Thursday, April 5, 2012

Wildrose Resort to Inducing Voters?

The Wildrose Alliance is walking a tightrope as they induce Alberta voter support with the promise of $300 dividend cheques. This cash handout may be perceived as an improper inducement for votes. According to the Alberta Election Law it is punishable offence to induce citizens for votes:

Improper inducement
172(1) A person commits a corrupt practice who, either personally
or by any other person on the person’s behalf, in order to induce an
elector to vote or not to vote or to vote for or not to vote for a
particular candidate

(a) offers, gives, lends or promises to offer, give or lend or promises to procure or attempts to procure any money or
other valuable consideration to or for the elector or any
person on behalf of the elector or to or for any other
person,
(b) gives, procures or promises to give or procure or attempts
to procure any office, position or employment to or for the
elector or any other person, or
(c) does any act referred to in clause (a) or (b) in order to
reward any person for having voted or not having voted.

Corrupt practice offence
177(1) A person who commits a corrupt practice is guilty of an
offence and liable to a fine of not more than $5000 or to
imprisonment for not more than 2 years or to both fine and
imprisonment.

Albertans should be wary of cash enticements from the Wildrose Alliance Party, because its libertarian/small government agenda will weaken the safety net for mid and lower income Albertans. A laissez faire capitalist society means everyone fends for themselves, and this ideology does not bode well for most Albertans since Alberta has the fastest growing gap between the rich and poor, and most of the wealth and higher incomes in the province are concentrated in the top 30 percent of the population and above:

In 2010, the Alberta per capita income is $70,826 (Statistics Canada, 2011); in 1999 the Alberta top 20% earned 14.5 times more than the lowest 20% (Penbina.org, 2000); in 2008, 32.4% of Alberta families total revenue is between $0 and $39.999, and the 42.1% of Alberta families total revenue is $80,000 or more (Statistics Canada, 2009); in 2011 Alberta has the fastest growing gap between rich and poor in Canada; the richest 1% in Alberta has as much wealth as the poorest 53% combined (Myles, 2011).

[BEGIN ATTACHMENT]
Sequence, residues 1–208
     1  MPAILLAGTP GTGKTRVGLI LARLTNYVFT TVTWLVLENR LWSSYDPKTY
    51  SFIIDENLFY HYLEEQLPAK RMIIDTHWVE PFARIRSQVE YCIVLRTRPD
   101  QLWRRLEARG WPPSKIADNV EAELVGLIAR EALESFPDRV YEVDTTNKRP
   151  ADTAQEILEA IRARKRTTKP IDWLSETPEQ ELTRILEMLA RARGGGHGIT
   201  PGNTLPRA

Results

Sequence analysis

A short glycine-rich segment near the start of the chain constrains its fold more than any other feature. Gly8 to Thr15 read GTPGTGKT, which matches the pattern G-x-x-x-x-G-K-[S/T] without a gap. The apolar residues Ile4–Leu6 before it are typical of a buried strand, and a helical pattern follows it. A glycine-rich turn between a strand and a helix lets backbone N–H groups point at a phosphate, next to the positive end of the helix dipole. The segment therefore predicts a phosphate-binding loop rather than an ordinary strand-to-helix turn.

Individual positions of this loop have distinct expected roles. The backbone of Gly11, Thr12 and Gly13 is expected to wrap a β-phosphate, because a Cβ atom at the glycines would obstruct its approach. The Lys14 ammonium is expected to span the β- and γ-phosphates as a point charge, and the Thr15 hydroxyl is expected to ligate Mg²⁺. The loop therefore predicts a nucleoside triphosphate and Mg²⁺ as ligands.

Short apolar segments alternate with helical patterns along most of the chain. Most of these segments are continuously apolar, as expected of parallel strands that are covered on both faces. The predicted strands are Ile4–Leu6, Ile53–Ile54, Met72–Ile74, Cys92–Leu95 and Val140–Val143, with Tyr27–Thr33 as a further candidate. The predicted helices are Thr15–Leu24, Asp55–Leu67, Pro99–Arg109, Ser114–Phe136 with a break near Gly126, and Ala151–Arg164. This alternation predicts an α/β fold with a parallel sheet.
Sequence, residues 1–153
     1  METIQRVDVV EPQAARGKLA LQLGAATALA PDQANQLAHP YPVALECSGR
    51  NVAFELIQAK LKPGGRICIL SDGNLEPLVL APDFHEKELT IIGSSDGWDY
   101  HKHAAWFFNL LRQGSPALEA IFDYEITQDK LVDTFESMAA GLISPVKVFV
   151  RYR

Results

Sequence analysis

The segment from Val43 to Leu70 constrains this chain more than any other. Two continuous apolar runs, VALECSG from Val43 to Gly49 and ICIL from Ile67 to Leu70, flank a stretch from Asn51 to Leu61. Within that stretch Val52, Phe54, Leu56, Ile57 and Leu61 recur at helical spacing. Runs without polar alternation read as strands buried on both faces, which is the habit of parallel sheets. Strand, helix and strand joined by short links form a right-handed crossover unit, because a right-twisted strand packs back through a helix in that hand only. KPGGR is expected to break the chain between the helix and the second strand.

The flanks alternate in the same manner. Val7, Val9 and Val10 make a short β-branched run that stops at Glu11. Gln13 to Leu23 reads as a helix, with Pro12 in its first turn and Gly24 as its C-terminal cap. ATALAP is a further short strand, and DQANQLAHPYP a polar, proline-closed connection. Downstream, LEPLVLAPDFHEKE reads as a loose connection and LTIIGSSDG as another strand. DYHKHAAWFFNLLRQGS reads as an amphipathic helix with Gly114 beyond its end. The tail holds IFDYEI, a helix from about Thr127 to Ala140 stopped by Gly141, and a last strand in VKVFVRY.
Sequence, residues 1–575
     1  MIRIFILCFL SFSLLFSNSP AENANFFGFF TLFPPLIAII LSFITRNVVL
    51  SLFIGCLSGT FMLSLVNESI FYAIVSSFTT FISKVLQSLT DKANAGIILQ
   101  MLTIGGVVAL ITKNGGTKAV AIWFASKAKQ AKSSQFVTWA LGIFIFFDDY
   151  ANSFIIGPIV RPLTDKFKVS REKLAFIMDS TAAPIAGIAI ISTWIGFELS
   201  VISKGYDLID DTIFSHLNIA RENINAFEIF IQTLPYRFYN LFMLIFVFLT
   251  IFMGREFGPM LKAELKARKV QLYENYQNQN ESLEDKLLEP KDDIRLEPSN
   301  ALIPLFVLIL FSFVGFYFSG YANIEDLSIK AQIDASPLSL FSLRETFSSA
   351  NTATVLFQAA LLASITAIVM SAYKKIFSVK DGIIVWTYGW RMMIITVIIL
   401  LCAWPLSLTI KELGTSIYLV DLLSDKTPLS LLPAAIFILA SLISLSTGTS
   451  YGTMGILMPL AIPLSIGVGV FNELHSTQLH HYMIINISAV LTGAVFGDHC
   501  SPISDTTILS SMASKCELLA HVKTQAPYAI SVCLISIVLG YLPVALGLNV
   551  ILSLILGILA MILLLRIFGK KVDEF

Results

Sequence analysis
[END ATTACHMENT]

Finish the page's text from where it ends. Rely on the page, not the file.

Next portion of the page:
Persons with income 2009
Total persons with income 2,603,670
Persons with income under $5,000 195,960 (7.52%)
Persons with income of $5,000 and over 2,407,710 (92.47%)
Persons with income of $10,000 and over 2,239,580 (86.01%)
Persons with income of $15,000 and over 2,036,760 (78.22%)
Persons with income of $20,000 and over 1,826,380 (70.14%)
Persons with income of $25,000 and over 1,629,050 (62.56%)
Persons with income of $35,000 and over 1,309,610 (50.29%) (49.71% of Alberta income earners earn less than $34.999 a year.)
Persons with income of $50,000 and over 899,840 (34.56%) (75.44% of Alberta income earners earn less than $49.999 a year.)
Persons with income of $75,000 and over 476,760 (18.31%)
Persons with income of $100,000 and over 251,340 (9.56%)
Persons with income of $150,000 and over 97,720 (3.75%)
Persons with income of $200,000 and over 50,430 (1.93%)
Persons with income of $250,000 and over 31,110 (1.19%)
Median total income (dollars) 35,250

(Statistics Canada, 2011)

Wildrose link Cash with Votes

2 comments:

  1. You may be reading the law to narrowly. I don't think it applies to anything said as part of a campaign platform. Otherwise the prisons would be full of politicians and candidates.

    Now, if the Wildrose party began to quietly approach people and offer $300 cheques to get to the polling station and vote for Wildrose, then I assume that this would be a statutory violation.

    ReplyDelete
    Replies
    1. It depends on interpretation of the relevant Alberta Election laws.

      Clearly, the Wildrose Alliance Party is offering cash inducements for votes. Viz., if you vote for us and we get elected, we will give you a $300 cheque.

      Delete

Thank you for sharing your perspective.